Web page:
Israeli hostage describes 51 days in captivity

During the 51 days she was held by Hamas in Gaza, Hagar Brodutch never lost track of what day it was. She says that every morning she made it a point to remember the day of the week and how many days she had been held hostage.

Six months later, he’s still counting.

“Today is 235 days and it is incredible,” he says.

Brodutch, her three children and her four-year-old neighbor Abigail Idan were kidnapped by Hamas-led militants from their home in Kfar Aza, Israel, on October 7. They were released in November as part of the brief ceasefire, but she says thoughts are never far from those still detained in Gaza.

“I can’t imagine what they feel,” he says. “I know what I’ve been through and that was only 51 days.”

Brodutch, her husband Avihai and their children, Ofri, 10, Yuval, 9, and Oriya, 4, just arrived in Toronto, where they will spend part of the summer visiting relatives.

Avihai, Hagar, Ofri, Yuval and Oria Brodutch. (Supplied)

“I think we’re getting better every day,” he says. “We lost a lot of friends and we lost our home and our community. But we will continue.”

October 7

Brodutch says it was around 6:30 a.m. when the sirens started going off on October 7. Shortly after, someone knocked on her door and outside was her three-year-old neighbor, Abigail Idan. Brodutch remembers that she was not injured, but she was covered in the blood of her parents, who had just been murdered in the house next door to her.

Brodutch took the girl inside and went to the safe room of the house with her children. Avihai, a member of the community’s civil guard, put on her safety equipment and left the house to help.

Brodutch remembers that they spent four hours in the safe room waiting for “the all-clear.” Instead, he estimates that 15 Hamas fighters entered his home and forced their way into the safe room.

He says that they asked him for the car keys, “and then they told me ‘shoes,’” he remembers. “That was the moment I understood what was happening.”

Brodutch says the five were driven to Gaza in their own car, where a crowd was waiting for them.

“There was a huge crowd, clapping and dancing,” he says. “Happy to see us, a wife and four children.” She says the man driving the car kept trying to pick up 10-year-old Ofri to show him to the crowd.

“They took off his shirt and tried to show the crowd that he had a little girl. A Jewish, Israeli girl,” she says.

51 days

Brodutch says they were taken to a family’s home and locked in a small room with another hostage who was injured. She says there was no running water and electricity was minimal; At night it was so dark that she says she couldn’t see her hand.

“The kids kept asking, ‘When are we coming home? What’s going on?’” she remembers. “I couldn’t believe that my children were going to sleep there at night, in Gaza, in someone else’s house.”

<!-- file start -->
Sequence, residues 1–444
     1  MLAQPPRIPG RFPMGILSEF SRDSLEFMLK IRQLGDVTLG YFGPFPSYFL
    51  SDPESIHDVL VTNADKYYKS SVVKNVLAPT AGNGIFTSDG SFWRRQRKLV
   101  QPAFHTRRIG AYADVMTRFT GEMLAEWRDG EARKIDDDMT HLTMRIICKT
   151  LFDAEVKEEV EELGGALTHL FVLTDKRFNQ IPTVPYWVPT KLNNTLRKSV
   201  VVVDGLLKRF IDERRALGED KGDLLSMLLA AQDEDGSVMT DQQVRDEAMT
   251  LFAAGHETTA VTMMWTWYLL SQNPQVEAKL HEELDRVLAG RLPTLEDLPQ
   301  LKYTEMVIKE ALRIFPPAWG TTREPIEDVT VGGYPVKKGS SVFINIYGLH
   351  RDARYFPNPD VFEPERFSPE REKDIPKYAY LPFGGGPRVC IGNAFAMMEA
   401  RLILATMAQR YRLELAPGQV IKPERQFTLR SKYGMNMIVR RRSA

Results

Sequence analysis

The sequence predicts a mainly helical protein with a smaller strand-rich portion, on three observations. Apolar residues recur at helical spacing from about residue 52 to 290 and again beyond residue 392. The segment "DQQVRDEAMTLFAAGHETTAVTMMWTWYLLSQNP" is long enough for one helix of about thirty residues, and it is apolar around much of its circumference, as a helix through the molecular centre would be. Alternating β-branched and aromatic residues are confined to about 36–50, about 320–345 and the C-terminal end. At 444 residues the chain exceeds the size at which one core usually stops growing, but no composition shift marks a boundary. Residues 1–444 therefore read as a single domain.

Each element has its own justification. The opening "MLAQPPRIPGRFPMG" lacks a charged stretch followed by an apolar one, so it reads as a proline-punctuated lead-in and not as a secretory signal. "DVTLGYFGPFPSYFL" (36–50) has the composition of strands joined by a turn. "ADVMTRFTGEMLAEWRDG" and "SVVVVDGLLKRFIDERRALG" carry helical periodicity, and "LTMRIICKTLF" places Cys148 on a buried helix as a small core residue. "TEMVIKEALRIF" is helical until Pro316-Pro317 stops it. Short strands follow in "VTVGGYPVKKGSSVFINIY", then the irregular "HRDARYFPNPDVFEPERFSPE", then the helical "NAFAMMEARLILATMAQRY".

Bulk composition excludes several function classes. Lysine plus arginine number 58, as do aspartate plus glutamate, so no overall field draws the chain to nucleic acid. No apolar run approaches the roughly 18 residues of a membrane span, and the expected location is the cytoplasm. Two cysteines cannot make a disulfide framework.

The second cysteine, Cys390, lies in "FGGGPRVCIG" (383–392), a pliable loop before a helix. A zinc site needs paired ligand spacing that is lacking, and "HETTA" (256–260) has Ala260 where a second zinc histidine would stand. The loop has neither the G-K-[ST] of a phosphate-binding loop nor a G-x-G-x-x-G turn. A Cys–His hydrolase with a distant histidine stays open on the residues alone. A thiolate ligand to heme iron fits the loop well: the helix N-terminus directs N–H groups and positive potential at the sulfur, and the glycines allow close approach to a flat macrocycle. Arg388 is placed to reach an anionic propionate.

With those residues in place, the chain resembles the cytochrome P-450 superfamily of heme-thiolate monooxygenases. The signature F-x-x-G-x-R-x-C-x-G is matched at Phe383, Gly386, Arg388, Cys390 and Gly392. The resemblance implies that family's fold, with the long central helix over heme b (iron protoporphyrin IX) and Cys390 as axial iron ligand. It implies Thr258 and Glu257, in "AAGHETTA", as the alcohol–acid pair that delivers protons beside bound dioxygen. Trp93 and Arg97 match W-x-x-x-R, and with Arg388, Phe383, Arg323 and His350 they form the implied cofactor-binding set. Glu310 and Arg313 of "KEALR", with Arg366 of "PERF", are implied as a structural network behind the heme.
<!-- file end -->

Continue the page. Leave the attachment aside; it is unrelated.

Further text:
They were kept there for just over two weeks, until the house was hit by a strike.

“And then the house collapsed from the IDF bombs,” he says. Ofri was injured, but Brodutch says they were lucky to survive.

After the house was attacked, they were separated from the other hostage and moved to a different location. Brodutch says they were put in an ambulance and taken to another family’s house, but it was empty.

“It was a nightmare, it was just hell,” she says, “You’re locked in a small room with four of them. We had cards, so we tried to use them to get through the day. But we suffer. We were hungry”.

Brodutch says they were each given small amounts of water and a piece of pita a day. They could hear the bombs all day and night and lived in fear of being hit.

When the bombs stopped in late November, Brodutch said he knew something was happening outside. She and her four children were released on November 26 as part of the ceasefire agreement.

For weeks before his release, Avihai sat in front of the Defense Ministry building in Tel Aviv, one of the first to call on the government to prioritize the release of the hostages. 112 have been released, while Israel says more than 130 remain; It is unclear how many are still alive.

“We have to stop everything and bring them back home,” he says. “Nothing is as important as them.”

Stop the fire

The hostages have been at the center of ceasefire negotiations between Israel and Hamas, talks that have broken down several times as the war in Gaza continues. Prospects for a resumption of negotiations have increased recently, even as Israel carried out new attacks in Rafah.

On Monday, Israeli Prime Minister Benjamin Netanyahu said a “tragic mishap” occurred in an Israeli attack that set fire to a camp housing displaced Palestinians. According to the Palestinian Red Crescent, at least 45 people were killed. The Israel Defense Forces (IDF) say they have opened an investigation into the deaths.

The attack added to fresh international criticism over how Israel is carrying out the war, which has killed more than 36,000 Palestinians, according to Gaza’s Health Ministry.

While no date has been set to renew ceasefire talks, new proposals from mediators from Egypt and Qatar are being prepared.

As for Brodutch, he is hopeful that one day there will be peace.

“I want to live in peace with my neighbors,” he says. “We have to find a solution for both of us. For Israel and the Palestinians. War is not an option. “We can’t live like this anymore.”